Sunday's featured nature-related phenomenon: the soon-to-be-100-year-old National Wildlife Refuge System. "Protecting these pristine areas is like an insurance policy taken out by the nation to protect our natural resources for present and future generations." Yeah, yeah, yeah. Any oil in there anywheres?
THE PHANTOM: The Phantom leads the mystery pilots to the Rhodian search party, then hides in the bushes to see what comes next. "Next: Treachery Revealed." That's the whole week, man.
Sunday, the dark and lovely snake-based snake goddess Anuga continues to plague "Raz" Rakowski and his henchmen.
GARFIELD: Monday, Garfield eats a ghost hamburger. Tuesday, Garfield shreds the paper. Saturday, Garfield has eaten the household canary.
BLONDIE: "SKNX-XXX-XXX! snores Dagwood Monday. "SKNXXXX-XXXX-XXXX!"
CATHY: The circle will be unbroken: Irving agonizes over calling Cathy. Go on, Irv, pick up the phone. You two crazy kids deserve each other for always. Sunday, all Cathy can think about is a chocolate truffle.
ONE BIG HAPPY: Grandpa takes a story-hour shift at the library. "My first tale is one of danger and intrigue," he says Tuesday. "It's about a flophouse brawl, a Chicago heat wave, and a couple of drifters named Pete and Shorty."
LUANN: Brad gets more emergency-medical-type training and is reunited with his foxy classmate from the previous course, giving Greg Evans another excuse to draw a nubile teen. Her name is "Toni Daytona." Sounds like a stripper name to us. Brad is so stricken by lust that a miniature angel-style Brad appears on his shoulder to try to help coach him into Toni Daytona's pants.
HERB & JAMAAL: Tuesday, Jamaal tells a joke with the punchline "'saltine quackers,'" and Herb erupts in gales of laughter. "I must have really told a great joke," Jamaal thinks, "or Herb's a great friend for laughing at it." Hey, Stephen Bentley--Funny Paper hopes a lot of your friends read your strip.
SHOE: Tuesday, Cassatt & Brookins cast their laserlike wit on medical doctors and their poor penmanship.
BEETLE BAILEY: Wednesday, Beetle interrupts a stroll for a nap among the flowers after Miss Buxley describes the planting as a "bed of mums." "I should never have called it a 'bed,'" she sighs, as a string of Z's rises from Beetle's reclining form. That's what Beetle does with Miss Buxley and a "bed"? Looks like the Bailey-Buxley affair is grinding to a halt. Or not grinding to a halt.
WILLY 'N ETHEL: Monday, Willy mistakes Bondo and Dogmeat's plundering of a candlelight dinner for a prelude to interspecies miscegenation.
KUDZU: Wednesday, Doug Marlette attempts to render one figure in his drawing more sloppy and primitive than the rest. The resulting character looks oddly like Mr. ZIP.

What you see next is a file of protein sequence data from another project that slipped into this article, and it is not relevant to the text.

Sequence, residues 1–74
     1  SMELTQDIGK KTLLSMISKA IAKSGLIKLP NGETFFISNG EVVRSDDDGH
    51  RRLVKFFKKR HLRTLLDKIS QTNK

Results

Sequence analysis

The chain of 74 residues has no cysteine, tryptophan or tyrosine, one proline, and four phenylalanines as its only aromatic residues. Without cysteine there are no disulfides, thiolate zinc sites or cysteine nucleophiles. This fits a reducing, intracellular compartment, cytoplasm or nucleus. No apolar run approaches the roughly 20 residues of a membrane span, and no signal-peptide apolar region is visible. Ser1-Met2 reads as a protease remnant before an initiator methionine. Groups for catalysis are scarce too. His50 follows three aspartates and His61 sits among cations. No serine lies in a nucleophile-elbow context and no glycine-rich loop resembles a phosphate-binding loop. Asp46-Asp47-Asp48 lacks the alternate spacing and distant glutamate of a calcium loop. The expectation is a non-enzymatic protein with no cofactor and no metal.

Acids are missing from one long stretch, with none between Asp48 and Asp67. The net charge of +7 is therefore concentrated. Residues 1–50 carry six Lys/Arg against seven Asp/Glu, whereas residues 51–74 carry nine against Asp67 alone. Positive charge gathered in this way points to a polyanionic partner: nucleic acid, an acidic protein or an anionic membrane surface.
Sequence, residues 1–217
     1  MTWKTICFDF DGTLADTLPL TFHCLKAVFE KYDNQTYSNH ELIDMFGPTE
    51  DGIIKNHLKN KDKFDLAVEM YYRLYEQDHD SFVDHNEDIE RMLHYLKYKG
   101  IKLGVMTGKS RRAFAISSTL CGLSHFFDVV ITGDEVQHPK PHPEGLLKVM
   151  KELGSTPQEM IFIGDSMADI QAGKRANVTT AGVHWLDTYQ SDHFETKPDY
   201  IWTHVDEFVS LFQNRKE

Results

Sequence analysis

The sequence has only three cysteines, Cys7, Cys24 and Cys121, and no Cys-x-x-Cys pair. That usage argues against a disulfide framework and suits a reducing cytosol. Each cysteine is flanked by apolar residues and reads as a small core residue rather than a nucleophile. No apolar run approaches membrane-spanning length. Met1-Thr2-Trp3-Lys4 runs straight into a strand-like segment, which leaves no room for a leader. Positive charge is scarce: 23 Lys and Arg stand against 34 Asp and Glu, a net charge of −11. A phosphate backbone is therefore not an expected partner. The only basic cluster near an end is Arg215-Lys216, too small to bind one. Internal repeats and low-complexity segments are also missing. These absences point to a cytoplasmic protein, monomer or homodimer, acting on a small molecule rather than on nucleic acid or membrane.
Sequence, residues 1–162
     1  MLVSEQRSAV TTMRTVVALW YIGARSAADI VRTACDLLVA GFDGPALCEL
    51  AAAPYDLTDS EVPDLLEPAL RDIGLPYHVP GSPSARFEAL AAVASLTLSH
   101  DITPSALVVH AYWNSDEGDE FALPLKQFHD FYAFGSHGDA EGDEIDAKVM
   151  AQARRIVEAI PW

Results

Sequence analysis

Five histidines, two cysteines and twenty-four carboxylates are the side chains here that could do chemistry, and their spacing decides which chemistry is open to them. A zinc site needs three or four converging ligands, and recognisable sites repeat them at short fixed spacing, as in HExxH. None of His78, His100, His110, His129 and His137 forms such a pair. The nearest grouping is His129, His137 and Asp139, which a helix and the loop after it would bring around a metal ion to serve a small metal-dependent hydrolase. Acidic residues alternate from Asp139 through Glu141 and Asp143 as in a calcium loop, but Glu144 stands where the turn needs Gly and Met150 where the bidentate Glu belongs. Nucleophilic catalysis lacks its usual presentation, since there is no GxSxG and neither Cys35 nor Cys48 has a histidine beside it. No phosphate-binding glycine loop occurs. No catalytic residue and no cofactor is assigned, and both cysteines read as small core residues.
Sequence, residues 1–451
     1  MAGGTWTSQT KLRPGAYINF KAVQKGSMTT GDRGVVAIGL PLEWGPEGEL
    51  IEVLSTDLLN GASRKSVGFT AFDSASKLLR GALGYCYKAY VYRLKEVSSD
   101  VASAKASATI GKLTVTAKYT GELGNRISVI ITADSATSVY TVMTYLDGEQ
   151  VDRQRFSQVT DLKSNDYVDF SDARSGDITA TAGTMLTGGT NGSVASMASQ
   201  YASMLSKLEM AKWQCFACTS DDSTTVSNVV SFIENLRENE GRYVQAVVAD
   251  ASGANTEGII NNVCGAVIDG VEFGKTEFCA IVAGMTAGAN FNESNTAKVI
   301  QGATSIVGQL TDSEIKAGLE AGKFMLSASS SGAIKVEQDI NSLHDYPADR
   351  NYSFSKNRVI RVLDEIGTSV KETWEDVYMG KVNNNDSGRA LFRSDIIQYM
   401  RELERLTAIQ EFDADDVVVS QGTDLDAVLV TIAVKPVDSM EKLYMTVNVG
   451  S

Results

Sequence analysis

APARTMENT 3-G: As punishment for Margo's illicit diary-reading, Lu Ann sentences her roommate to an indeterminate period of Community Service.
DENNNIS THE MENACE: "Did you know the Wilsons' phones are antiques?" Dennis asks Saturday. "They all have cords."
IN THEIR OWN WORDS: Art by Vernon Carne executes a reasonable likeness of Bono, ". . . the stage name of Paul Hewson, the leader of U2, one of the most popular rock bands in the world. . . Bono's current mission is to help stamp out poverty and disease in struggling African countries." And to bust the F-bomb at award shows.
SALLY FORTH: Sunday, Ted wears a cowboy hat in the living room for no good reason. Half of Funny Paper is now looking for the spy-cam Francesco Marciuliano planted in our house.
YOU CAN WITH BEAKMAN & JAX: Doomsday is officially nigh: "Dear Beakman, How does an atomic bomb work?" asks "Room 27, 3rd Grade, Lincoln Elementary School, Cupertino, California." After calling atomic explosions "horrible," Beakman goes ahead and tells you how to detonate one--at least inside your mind. "WHAT YOU NEED: Cantaloupe - good imagination - help from a grown-up." Now have your grown-up cut the melon in half and scoop it out, so you can contemplate the halves. "Imagine that you can clap those two halves together and jam them into becoming one big chunk of cantaloupe," Beakman says, glossing over the fact that they were one big chunk of cantaloupe to begin with. "If your cantaloupes were 25 kilogram chunks of the metals uranium-235 or plutonium, you'd have an atomic bomb." Having destabilized the Lincoln Elementary School, Beakman then tacks on a lesson in Realpolitik, disguised as a lesson in appeasement: "[I]f someone does have plutonium or uranium-235, well, then, that's someone you should get to know and talk to. Talking is a much better idea than atomic bombs." The column ends on a photo of Nagasaki going up in a mushroom cloud. Then Jax, relegated to footnote duty, offers an upside-down and completely untrue coda: "No one ever wants to have an atomic bomb explode again. Every once in a while it's good to say that out loud."
KIDCITY: Sunday, sesameworkshop.org teaches us about the first animal in space, Laika the dog, who orbited Earth in a Sputnik II capsule. Now we get it.
HAL FOSTER'S PRINCE VALIANT: Ink-spatter volcanic debris continues to rain from the sky as Yuan Chen, the gentle scholar of Cathay, steers the trireme into the admiral's warship at ramming speed. "At Yuan Chen's command the trireme pulls back, and the shattered victim sinks." But how to deal with the rest of the fleet? "The volcano-darkened sky is lit by cascades of falling embers--and they illuminate Yuan Chen's imagination as well. He calls for pots of oil and cooking grease to be brought up from below." A few catapult-loads of inflammable material later, and a boatload of Romans is burning alive. "The chronicles record that Yuan Chen must make an example of only one other vessel before the imperial warships break off their attack--defeated by lard and chicken fat." Below decks, flush with triumph, the gentle scholar of Cathay wordlessly studies a cantaloupe.